Wednesday, November 11, 2009
One blogger, in a comment yesterday, said that family history research is like putting together the pieces of a puzzle. She’s right -- and that combination of puzzle and family history is what makes it so intriguing to me. The thrill of the hunt – and what you turn up are your very own ancestors!
My great-great-great grandmother was Mary Ann Schanck, nee Hall. She was married to Jacob Schuyler Schanck, a farmer in Monmouth County, New Jersey. In trying to trace their son, William Gordon Schanck – my great-great grandfather – I must, of necessity, trace Mary Ann and Jacob as well. A specific thorn in my side is that I’ve had no luck locating William in the 1860 U.S. Census, so I pushed back further to look for Jacob and Mary Ann in that same census – for perhaps William, then unmarried, was still living at home in 1860. Alas, I could not find Jacob and Mary Ann through an Ancestry.com search, either.
I knew they had to be there because another record had told me so – but that record came from a compiled index, so you can't view the original entries. I was going to have to access the actual 1860 census schedule in order to see the names of everyone living in the household. So I went back to my old sleuthing techniques, pulling up – through Ancestry.com -- the entire census schedule for Freehold, New Jersey, in 1860. 98 pages long. That’s a lot of people to read through (and they aren’t alphabetized – the census was written down house by house).
But I was equal to the task.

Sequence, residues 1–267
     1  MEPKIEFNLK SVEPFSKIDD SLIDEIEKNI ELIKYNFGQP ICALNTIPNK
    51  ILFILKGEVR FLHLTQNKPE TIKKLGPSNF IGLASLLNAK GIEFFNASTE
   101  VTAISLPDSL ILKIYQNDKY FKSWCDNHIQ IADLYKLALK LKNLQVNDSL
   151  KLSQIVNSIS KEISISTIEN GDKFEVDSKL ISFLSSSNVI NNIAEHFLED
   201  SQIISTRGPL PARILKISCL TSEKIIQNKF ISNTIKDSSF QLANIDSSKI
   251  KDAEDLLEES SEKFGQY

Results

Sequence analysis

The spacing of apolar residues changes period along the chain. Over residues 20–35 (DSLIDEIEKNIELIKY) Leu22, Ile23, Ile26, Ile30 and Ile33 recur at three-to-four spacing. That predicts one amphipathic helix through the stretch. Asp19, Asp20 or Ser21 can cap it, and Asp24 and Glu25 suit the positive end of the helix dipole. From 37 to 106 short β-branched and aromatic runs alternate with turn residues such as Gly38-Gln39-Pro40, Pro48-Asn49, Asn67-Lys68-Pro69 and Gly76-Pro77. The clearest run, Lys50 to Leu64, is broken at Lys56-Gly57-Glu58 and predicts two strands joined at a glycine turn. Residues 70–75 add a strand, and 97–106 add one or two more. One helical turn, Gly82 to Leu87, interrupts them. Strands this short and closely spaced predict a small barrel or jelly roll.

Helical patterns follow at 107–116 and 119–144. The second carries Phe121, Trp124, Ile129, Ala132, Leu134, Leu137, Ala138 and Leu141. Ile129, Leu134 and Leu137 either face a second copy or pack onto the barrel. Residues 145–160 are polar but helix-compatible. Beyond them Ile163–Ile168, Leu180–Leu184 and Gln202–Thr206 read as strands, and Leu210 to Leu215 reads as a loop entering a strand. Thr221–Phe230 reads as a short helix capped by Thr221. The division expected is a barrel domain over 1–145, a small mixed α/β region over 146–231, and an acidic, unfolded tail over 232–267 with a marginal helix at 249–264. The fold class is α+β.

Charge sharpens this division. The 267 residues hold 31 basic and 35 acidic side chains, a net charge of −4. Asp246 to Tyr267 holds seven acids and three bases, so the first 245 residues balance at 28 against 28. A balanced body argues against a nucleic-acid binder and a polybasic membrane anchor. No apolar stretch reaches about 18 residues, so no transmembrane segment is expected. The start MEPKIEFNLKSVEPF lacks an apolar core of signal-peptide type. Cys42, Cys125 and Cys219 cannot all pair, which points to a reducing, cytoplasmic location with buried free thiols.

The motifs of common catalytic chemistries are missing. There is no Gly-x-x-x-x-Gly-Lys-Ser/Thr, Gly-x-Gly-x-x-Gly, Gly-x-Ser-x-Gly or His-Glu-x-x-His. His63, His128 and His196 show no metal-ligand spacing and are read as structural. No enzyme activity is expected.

Lo and behold, I only had to go a mere 16 pages in, and there they were, plain as day on line 27: Jacob S. Schanck and his household. No William, although the other sons, Nelson and Schuyler, were still there. Ah well. I did notice that Mary Ann’s name was rather badly handwritten, but that didn’t explain why Jacob’s household didn’t come up in a regular search of Ancestry’s database for the 1860 census.
What you must realize is that Ancestry.com, bless their little hearts, has transcribed EVERY individual entry of EVERY census into their own database, and then cross linked each and every entry to an image of the original census schedule (all of which are handwritten). So, when you search in Ancestry on the name of someone specific, you are actually searching Ancestry’s own database. Once you have located the entry, you can click on a link that will show you the image of the original census schedule page. I can promise you that this was a time-consuming process for the LDS volunteers and staffers who do this on behalf of their church. They’ve had to transcribe millions and millions and millions of handwritten entries from hundreds of years of records from all over the civilized world.
So, I guess they can be forgiven for turning “Schanck” into “Schouch.”
You see, now that I had the original census schedule, I still wanted to know why the entry wasn’t coming through the Ancestry database. I finally searched on Jacob's son’s first name of Nelson (which was clearly written), using no last name, specifically in that town in 1860. The search yielded two Nelsons.
One of which was Nelson..... Schouch.
Schouch is not even close as a "spelled like" or "sounds like" kind of thing (which Ancestry does provide when you do a search). Thus, Jacob had never appeared, even in the broadest of searches on his last name.
And so we come to the title of today's blog entry. Guess who got transcribed as “Mouga Schouch?” That’s right. My great-great-great grandmother, Mary Ann. Really, an educated guess at the original handwriting would arguably have yielded “Mary A.” And a guess by someone inexperienced might have yielded a literal “Mosf A.” at worst. But “Mouga?”
I laughed until I cried.
- Catherine. (Great-great-great granddaughter of Jacob and Mouga Schouch.)